Jaros%C5%82aw Kaczy%C5%84ski
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Jaros%C5%82aw Kaczy%C5%84ski

Jaros?aw Kaczy?ski
Jaros?aw Kaczy?ski Sejm 2016a (cropped).JPG
Jaros?aw Kaczy?ski in 2016
13th Prime Minister of Poland

14 July 2006 - 16 November 2007
PresidentLech Kaczy?ski
DeputyLudwik Dorn
Zyta Gilowska
Przemys?aw Gosiewski
Andrzej Lepper
Roman Giertych
Kazimierz Marcinkiewicz
Donald Tusk
Leader of the Opposition

16 November 2007 - 16 November 2015
PresidentLech Kaczy?ski
Bronis?aw Komorowski (Acting)
Bogdan Borusewicz (Acting)
Grzegorz Schetyna (Acting)
Bronis?aw Komorowski
Andrzej Duda
Donald Tusk
Ewa Kopacz
Donald Tusk
Ewa Kopacz
Leader of Law and Justice

18 January 2003
Ludwik Dorn
Przemys?aw Gosiewski
Marek Kuchci?ski
Przemys?aw Gosiewski
Gra?yna G?sicka
Marek Kuchci?ski
Mariusz B?aszczak
Ryszard Terlecki
Lech Kaczy?ski
Member of the Sejm

31 October 1997
ConstituencyWarsaw I

6 December 1991 - 26 October 1993
ConstituencyWarsaw I
Personal details
Jaros?aw Aleksander Kaczy?ski

(1949-06-18) 18 June 1949 (age 70)
Warsaw, Poland
Political partyLaw and Justice
Other political
(before 1991)
Centre Agreement
Solidarity Electoral Action
Alma materUniversity of Warsaw (PhD)
AwardsSt. George's Order of Victory

Jaros?aw Kaczy?ski (Polish pronunciation: [ja'r?swaf ka'tj?sk?i] ; born 18 June 1949) is a Polish politician and lawyer who is currently serving as leader of the Law and Justice party (known by its Polish acronym PiS), which he co-founded in 2001 with his twin brother, Lech Kaczy?ski, who served as president of Poland.

Running for PiS, he served as the prime minister of Poland from July 2006 to November 2007, while his brother was the president of Poland. After PiS's electoral defeat in 2007, Kaczy?ski was the main leader of the opposition during Civic Platform's governments. Following the death of his brother in a plane crash, Jaros?aw Kaczy?ski ran against the acting president Bronis?aw Komorowski in the Polish presidential election on 20 June 2010, and lost.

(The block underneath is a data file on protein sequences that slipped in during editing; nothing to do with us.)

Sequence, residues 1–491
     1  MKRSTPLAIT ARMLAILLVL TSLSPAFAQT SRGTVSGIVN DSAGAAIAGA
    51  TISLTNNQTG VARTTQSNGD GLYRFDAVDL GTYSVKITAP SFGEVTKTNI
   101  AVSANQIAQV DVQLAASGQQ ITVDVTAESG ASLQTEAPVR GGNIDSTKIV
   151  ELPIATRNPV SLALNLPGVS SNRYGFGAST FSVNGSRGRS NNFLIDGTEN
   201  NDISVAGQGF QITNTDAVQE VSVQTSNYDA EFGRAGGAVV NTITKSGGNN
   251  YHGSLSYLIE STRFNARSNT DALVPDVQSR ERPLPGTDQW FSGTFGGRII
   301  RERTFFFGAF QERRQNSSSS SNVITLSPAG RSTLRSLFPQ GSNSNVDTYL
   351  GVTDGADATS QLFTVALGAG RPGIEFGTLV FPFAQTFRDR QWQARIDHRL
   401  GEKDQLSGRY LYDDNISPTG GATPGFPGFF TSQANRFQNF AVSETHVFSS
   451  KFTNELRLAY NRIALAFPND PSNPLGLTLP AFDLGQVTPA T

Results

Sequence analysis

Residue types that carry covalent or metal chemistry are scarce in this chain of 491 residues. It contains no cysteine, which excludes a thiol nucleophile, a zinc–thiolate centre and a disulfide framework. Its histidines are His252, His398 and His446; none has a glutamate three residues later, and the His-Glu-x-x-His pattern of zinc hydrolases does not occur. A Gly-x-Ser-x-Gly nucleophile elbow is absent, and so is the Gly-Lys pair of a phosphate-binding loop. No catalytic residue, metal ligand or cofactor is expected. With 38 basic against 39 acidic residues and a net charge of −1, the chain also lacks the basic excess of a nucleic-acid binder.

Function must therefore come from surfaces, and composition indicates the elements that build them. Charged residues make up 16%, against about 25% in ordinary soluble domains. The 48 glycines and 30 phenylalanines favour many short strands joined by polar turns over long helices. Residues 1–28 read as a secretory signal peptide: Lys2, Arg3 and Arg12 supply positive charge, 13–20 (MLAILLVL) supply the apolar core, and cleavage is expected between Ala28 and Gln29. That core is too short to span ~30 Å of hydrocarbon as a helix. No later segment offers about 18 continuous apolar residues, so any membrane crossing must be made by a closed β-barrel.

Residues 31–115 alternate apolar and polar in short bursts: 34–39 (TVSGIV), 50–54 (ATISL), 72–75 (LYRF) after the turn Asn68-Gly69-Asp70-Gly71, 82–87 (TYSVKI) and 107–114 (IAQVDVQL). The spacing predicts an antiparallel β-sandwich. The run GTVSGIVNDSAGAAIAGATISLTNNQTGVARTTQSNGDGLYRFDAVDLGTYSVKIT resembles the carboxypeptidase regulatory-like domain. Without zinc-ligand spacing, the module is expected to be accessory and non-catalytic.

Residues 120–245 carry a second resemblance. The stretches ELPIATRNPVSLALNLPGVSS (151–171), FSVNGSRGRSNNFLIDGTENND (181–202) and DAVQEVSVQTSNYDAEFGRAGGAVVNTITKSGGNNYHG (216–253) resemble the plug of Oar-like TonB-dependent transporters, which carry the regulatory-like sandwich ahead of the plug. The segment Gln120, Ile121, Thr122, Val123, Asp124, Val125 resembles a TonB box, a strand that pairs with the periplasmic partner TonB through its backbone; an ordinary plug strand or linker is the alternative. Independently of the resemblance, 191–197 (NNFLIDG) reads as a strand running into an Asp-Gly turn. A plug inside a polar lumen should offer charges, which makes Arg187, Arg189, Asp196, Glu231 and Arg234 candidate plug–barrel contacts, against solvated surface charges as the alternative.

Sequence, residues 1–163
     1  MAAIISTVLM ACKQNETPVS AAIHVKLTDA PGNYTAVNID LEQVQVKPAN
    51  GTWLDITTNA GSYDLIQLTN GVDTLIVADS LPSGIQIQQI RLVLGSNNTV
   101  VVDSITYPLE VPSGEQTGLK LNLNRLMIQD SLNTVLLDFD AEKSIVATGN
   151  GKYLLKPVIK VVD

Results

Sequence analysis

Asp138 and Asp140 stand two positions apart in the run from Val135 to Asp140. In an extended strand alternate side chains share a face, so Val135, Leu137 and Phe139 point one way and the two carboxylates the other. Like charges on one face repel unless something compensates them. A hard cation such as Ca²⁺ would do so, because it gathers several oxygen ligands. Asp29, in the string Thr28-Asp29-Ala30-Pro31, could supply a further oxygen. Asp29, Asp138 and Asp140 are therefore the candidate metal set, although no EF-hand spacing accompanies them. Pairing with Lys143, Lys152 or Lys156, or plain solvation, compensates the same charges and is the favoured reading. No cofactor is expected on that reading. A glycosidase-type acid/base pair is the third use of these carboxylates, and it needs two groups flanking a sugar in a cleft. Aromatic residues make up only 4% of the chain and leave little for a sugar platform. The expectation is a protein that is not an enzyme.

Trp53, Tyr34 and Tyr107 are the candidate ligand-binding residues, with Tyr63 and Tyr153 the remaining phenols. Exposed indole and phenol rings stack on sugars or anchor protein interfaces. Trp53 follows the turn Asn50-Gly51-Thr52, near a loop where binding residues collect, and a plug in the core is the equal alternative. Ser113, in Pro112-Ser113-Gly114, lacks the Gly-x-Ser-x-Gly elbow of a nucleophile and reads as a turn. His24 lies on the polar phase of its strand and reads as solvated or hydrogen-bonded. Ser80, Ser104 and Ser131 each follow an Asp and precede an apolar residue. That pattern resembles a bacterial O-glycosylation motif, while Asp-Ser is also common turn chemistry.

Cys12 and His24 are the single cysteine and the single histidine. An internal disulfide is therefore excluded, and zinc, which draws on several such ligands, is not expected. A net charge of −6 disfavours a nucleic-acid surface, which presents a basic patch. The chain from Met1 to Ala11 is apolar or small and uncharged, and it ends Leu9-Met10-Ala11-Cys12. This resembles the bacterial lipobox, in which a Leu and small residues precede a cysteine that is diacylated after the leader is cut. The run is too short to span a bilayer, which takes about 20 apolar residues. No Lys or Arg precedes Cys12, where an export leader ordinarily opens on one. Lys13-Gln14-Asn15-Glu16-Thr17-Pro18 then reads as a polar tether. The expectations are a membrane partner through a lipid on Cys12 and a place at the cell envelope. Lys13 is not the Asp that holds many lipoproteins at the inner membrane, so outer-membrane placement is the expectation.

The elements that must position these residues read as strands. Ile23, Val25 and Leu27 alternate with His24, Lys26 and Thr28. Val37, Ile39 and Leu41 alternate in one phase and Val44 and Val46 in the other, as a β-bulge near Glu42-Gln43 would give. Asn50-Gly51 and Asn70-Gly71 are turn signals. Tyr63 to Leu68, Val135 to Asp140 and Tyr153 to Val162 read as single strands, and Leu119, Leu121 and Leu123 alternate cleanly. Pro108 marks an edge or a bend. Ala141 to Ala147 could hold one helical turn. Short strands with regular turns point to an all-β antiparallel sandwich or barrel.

Early life

Lech and Jaros?aw Kaczy?ski with their mother.

Kaczy?ski was born on 18 June 1949, the identical twin brother of Lech Kaczy?ski. They were born in Warsaw.[1] His father was Raymund Kaczy?ski, an engineer who served as a soldier in the Armia Krajowa in World War II, and his mother was Jadwiga Kaczy?ska, a philologist at the Polish Academy of Sciences. As children, Kaczy?ski starred with his brother in the 1962 Polish film The Two Who Stole the Moon (Polish: O dwóch takich, co ukradli ksiyc), based on a popular children's story by Kornel Makuszy?ski.[2]

He studied law and administration of Warsaw University before completing a doctorate in law in 1976. Kaczy?ski was the executive editor of the Tygodnik Solidarno weekly magazine from 1989 to 1991.

Political career


In 1991, he created the centrist, Christian democratic Centre Agreement party and later became its chairman, remaining in the role until 1998. In the years 1991 to 1993 and since 1997, Kaczy?ski was a member of the Sejm.[3] In the same year, he worked under direction of the president of Poland, Lech Wasa, as the head of his presidential chancellery.[4] Wasa fired Kaczy?ski, who then led the movement against him. During this time an effigy of Wasa was burned at a protest organized by Kaczy?ski.[5]

2005 elections

Kaczy?ski was the Law and Justice prime ministerial candidate in the September 2005 Polish parliamentary election.[6][7][8] However, when the party emerged as winner of the election, he pledged that he would not take the position, expecting that his nomination would reduce the chances of his brother Lech Kaczy?ski, who was a candidate for the October presidential election. Kazimierz Marcinkiewicz was appointed prime minister.

In the following months, he was a frontbench MP and the leader of his party. He was said to have enormous influence on the prime minister's decision-making process. Kaczy?ski was described as the architect of the coalition with the populist Self-Defense of the Republic of Poland (Polish: Samoobrona) and the far-right League of Polish Families party.

Critics have accused the first PiS government of splitting the country over religious and cultural issues and picking "needless fights with Germany and the European Union".[9][10]